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Professor of Hydrology, University of Reading

Prof Dr Hannah L. Cloke OBE is a physical geographer, natural hazards researcher and hydrologist specialising in earth system modelling, flood forecasting, catchment hydrology and applications of Numerical Weather Predictions. She leads a wide programme of research on the theoretical and practical development of early warning systems for natural hazards, particularly for floods, droughts, heatwaves and disaster risk management.

Hannah works closely with partners including the Environment Agency, the European Centre for Medium-range Weather Forecasts (ECMWF), the UK Met Office, the Red Cross Climate Centre & other hydrometeorological services and humanitarian actors. Prof Cloke is a member of is a member of HEPEX and has worked as research partner for the EU's Copernicus Emergency Management Service for Floods since 2003. Hannah advises government, forecasting authorities and humanitarian agencies on national and international flooding incidents and forecasting science and provides expert commentary in the media.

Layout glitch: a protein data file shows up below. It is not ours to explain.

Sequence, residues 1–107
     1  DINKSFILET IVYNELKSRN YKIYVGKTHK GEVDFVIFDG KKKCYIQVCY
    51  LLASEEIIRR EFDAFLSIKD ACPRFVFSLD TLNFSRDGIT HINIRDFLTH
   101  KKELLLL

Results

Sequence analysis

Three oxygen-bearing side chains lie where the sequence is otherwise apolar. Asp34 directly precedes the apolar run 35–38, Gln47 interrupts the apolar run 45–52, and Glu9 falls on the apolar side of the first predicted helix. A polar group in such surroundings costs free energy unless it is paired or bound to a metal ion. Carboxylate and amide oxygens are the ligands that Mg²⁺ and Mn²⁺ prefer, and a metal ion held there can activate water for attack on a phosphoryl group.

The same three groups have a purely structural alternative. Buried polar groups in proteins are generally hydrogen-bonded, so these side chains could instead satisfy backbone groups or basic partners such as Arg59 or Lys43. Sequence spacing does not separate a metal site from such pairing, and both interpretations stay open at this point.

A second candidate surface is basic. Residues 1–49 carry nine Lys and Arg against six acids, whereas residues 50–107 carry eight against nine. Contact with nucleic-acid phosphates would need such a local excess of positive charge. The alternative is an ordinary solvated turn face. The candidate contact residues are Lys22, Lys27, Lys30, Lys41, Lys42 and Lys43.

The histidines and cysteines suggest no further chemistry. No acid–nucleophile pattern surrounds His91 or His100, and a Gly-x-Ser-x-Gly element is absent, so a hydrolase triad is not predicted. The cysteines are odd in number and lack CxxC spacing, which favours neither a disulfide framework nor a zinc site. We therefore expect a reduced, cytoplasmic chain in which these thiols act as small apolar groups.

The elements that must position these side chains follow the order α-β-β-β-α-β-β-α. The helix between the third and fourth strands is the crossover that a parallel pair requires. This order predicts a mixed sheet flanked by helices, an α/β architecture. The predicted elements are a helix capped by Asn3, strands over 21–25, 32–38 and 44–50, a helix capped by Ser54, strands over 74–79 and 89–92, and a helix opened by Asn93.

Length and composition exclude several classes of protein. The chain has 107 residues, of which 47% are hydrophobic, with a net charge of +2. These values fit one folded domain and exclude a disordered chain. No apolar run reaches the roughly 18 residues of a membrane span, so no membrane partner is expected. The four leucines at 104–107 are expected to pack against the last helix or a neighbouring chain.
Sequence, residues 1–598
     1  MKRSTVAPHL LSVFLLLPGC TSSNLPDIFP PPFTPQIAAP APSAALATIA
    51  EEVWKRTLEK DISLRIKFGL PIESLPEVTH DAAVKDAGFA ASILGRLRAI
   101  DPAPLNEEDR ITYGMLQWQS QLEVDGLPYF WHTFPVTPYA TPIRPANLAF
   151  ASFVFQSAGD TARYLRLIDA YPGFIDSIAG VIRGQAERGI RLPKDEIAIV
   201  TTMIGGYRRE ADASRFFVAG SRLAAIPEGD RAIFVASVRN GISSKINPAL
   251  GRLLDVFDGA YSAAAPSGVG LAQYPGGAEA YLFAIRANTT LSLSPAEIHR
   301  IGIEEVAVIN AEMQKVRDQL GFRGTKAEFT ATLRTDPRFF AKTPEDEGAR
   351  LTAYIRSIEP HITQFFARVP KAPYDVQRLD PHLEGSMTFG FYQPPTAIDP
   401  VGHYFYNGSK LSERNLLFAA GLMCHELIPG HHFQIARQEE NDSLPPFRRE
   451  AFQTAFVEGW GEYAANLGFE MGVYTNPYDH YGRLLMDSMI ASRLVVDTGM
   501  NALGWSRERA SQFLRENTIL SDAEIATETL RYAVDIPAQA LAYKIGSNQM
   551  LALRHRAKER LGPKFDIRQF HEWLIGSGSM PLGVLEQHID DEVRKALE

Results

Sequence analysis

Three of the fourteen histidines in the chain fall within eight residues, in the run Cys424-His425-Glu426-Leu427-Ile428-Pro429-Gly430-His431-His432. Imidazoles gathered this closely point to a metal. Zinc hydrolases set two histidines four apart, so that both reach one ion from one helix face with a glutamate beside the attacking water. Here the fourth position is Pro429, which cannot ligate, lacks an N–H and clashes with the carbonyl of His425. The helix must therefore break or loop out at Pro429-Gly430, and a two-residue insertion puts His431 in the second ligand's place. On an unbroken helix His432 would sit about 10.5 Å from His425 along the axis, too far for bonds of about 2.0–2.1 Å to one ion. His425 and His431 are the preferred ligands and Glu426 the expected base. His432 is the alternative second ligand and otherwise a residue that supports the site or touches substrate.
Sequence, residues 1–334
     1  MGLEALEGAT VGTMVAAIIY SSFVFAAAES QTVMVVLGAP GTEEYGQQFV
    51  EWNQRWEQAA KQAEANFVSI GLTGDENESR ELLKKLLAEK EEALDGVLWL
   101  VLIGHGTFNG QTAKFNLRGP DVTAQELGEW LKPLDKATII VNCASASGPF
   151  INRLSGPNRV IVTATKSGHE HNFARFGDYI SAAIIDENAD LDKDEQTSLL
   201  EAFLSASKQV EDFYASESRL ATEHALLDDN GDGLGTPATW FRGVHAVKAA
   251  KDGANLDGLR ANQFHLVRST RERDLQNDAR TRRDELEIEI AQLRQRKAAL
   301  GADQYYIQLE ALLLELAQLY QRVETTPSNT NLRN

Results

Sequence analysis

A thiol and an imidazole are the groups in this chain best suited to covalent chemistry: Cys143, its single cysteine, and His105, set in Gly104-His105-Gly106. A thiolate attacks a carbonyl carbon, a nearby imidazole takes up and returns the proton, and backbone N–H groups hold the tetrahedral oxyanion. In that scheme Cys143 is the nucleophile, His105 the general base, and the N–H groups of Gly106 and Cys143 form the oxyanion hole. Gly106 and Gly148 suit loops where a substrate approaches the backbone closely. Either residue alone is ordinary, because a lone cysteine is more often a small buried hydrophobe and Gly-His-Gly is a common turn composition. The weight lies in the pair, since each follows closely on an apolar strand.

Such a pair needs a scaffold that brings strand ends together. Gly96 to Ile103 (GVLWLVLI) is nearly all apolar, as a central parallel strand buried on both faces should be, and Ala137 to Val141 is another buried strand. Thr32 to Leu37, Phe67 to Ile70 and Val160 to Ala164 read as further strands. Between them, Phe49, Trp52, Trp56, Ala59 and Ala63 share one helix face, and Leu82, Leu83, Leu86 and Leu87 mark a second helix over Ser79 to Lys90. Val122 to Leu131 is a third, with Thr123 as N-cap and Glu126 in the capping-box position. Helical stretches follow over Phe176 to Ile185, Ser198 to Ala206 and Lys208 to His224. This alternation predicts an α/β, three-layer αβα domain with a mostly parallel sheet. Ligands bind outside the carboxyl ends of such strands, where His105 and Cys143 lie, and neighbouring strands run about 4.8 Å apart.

Hannah is an elected fellow of the Royal Geographical Society and the Royal Meteorological Society. She won the NERC Early Career Impact Award in 2015, was awarded the 2018 Plinius Medal of the European Geosciences Union and the 2019 British Hydrological Society's President's Prize. Hannah was appointed Officer of the Order of the British Empire (OBE) in the 2019 Birthday Honours for services to flood forecasting and the development of hazard early warning systems.

Hannah obtained a BSc (1999) and PhD (2003) in Geography from the University of Bristol, UK. She then worked at the European Commission Joint Research Centre in Ispra, Italy on the European Flood Alert System and then from 2004 lectured at in the Department of Geography at King's College London, UK. In 2012 she moved to the University of Reading; to a joint post between the Department of Geography and Environmental Science and the Department of Meteorology.


  • –present
    Professor of Hydrology, University of Reading